My strongest and most vivid memories are false! It’s rare that we can ever reconstruct what “really” happened, but in two cases, I saw clearly, not through the glass darkly.
The earlier vignette is a story I shared proudly and often of an interaction with my father. He died when I was 10, having become frail and sickly (that’s what having a stomach and esophagus removed will do) the latter 3 years. My memory shows me an image: Big, healthy Dad, standing in front of his big and healthy bookcase, selects a giant hardback novel. Presenting it to me–age 7–with a proud smile, he says: “Gone With the Wind’ is an adult book, but you’re a strong reader.” ‘
I was so proud of this memory, and I did in fact read the one thousand-plus page book, wetting the later pages with my tears. Reading was glue in my Daddy-daughter relationship. I was a shy girl, comfortable around him and around books. Our weekly (maybe) arm-laden trips to the library, followed by a Green River ice cream soda, were our special deal. (I slid down memory lane when Green River soda was re-issued some twenty years back. Undrinkable! Another shock to my memory.)
Two years ago I was struck by a “NewYorker” author’s false memory. (I forgot who–maybe Jill LePore?) She recalled her Dad reading a certain novel to her at bedtime, using voice changes and other delightful reader’s tricks. When clearing his bookshelves after his death, she discovered the fondly remembered volume. The publication date proved that the work wasn’t in print until after her father’s death.
I was stunned. I have a very smart and savvy 11-year-old granddaughter, more socially advanced at age 7 than I could have been. She transitioned from picture books to chapter books around that age. No book was a thousand pages of dense text. Had she been able to visually process my special book, the characters and complex plot would have meant nothing to her. Civil war? Adultery? The South in the time of Slavery?Of course, I didn’t read “Gone with the Wind” at age 7, nor 8, nor 10, either. Seems I confounded a favorite book with a favorite lost parent, both connected with pride in my reading skills.,
The second head slapper has a false memory date of 1967; I was in high school. This scene has a socially relevant theme—a Black Lives Matter story.
In my imagination, my younger sister’s high school is being integrated, something so anxiety provoking for whites and Blacks during the ’60’s that whole neighborhoods, cities, and states trembled. I drive to the school to protect little sister against the threatened violence; my memory doesn’t provide detail on how I planned to accomplish that. I see two little scared girls–Black (though I know that isn’t the identity name of those years)–in party frocks walk up the front stairs. They walked though fear and hatred–and spittle!- with police all around.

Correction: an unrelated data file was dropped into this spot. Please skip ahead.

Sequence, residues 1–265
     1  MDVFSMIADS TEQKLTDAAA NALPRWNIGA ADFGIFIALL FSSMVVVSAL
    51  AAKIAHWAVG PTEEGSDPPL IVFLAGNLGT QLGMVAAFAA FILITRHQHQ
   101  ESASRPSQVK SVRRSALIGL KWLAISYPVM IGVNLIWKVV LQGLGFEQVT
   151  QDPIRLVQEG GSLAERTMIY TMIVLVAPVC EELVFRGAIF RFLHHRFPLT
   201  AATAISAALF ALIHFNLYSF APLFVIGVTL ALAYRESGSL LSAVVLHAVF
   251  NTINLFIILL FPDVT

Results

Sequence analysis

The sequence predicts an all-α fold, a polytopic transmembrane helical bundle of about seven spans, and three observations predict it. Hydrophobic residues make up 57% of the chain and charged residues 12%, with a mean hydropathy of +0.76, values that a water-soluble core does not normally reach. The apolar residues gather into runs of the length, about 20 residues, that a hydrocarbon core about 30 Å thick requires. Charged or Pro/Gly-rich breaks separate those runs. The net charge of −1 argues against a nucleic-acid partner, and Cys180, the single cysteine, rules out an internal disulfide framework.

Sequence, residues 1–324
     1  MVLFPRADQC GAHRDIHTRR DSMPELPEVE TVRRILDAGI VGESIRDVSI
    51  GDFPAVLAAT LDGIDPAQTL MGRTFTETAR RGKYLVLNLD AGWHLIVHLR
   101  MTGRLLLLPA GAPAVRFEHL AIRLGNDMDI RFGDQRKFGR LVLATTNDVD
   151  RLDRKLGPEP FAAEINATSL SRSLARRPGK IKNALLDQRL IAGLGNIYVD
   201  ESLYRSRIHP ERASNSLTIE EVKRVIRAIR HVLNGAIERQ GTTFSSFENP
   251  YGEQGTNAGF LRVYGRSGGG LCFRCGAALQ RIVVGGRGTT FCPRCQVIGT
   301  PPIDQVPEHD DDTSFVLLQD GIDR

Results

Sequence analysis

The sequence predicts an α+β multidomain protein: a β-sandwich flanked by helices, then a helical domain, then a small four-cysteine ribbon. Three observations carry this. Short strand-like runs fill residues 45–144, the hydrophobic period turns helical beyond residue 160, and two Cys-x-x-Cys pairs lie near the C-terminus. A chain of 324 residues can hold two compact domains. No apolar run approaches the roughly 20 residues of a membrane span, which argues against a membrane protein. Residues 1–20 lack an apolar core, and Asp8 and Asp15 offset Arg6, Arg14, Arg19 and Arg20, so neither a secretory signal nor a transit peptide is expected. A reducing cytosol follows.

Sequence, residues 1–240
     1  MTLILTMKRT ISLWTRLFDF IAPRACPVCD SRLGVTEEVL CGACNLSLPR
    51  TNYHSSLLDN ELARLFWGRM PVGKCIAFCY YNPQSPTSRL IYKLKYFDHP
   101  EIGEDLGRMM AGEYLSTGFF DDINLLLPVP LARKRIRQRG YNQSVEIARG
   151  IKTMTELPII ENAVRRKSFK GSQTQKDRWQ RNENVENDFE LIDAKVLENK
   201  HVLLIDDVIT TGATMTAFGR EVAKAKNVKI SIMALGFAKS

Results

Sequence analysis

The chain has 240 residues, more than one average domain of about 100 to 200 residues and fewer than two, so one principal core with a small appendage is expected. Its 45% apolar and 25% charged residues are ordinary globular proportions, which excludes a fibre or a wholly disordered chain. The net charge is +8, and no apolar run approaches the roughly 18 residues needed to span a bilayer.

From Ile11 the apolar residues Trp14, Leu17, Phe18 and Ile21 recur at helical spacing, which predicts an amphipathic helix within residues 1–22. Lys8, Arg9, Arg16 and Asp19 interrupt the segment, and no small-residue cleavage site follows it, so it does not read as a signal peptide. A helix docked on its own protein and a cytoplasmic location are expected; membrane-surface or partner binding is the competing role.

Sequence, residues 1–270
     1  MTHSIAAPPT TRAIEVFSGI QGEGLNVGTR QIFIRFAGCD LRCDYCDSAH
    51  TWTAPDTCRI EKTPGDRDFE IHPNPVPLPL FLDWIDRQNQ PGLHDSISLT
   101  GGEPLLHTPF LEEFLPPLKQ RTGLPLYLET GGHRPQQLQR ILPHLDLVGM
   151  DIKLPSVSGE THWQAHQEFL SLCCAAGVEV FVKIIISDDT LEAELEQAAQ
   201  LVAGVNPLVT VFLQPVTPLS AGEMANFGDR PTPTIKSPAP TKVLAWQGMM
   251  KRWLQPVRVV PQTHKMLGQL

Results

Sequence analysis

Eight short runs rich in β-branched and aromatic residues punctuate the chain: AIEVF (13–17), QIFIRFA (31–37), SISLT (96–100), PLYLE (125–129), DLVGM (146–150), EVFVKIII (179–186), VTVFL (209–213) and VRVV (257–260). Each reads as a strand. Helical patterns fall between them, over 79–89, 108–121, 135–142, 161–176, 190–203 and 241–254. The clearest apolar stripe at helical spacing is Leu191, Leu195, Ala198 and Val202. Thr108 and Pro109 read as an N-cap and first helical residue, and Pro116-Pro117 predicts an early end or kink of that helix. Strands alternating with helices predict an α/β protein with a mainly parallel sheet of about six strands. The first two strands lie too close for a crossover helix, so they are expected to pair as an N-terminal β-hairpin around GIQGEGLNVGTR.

I just shared this memory with said sister last week. She gave it to me straight: “My high school was integrated long before 1967. Your memory is false.” Of course, I realized immediately the remembered girls were too young for high school. Besides, girls no longer wore frilly frocks.
With the scales off my eyes, I suddenly was able to place the video of two scared Black girls integrating a very unwelcoming white elementary school: a television image from 1957. President Eisenhower sent federal troops to Little Rock, Arkansas, after the Brown v. Board of Education Supreme Court decision.
The movie camera memory now shifts back to that TV report. If this part of the story is any more accurate than the earlier version, I “see” that my sister and I are watching our TV (we had only one, black and white–this memory is verifiably true) from the family room sofa with our black live-in-maid.* I hear her say: “Why is it we’re OK to take care of white folks children, but our children can’t go to school with their children?” My consciousness was raised–but not nearly enough. I was 10.
My awareness of the shifting sands of my own memory informs my work with clients. How do we partner to revisit their memories, what is the function of those memories, and how do we engage with memories that destroy family relationships (molestation being the most prominent example)? More in succeeding posts.
* The family systems therapist Monica McGoldrick describes her family of origin as a “bi-racial family”: parents, siblings (all white) and a Black live-in maid. Talk about consciousness raising!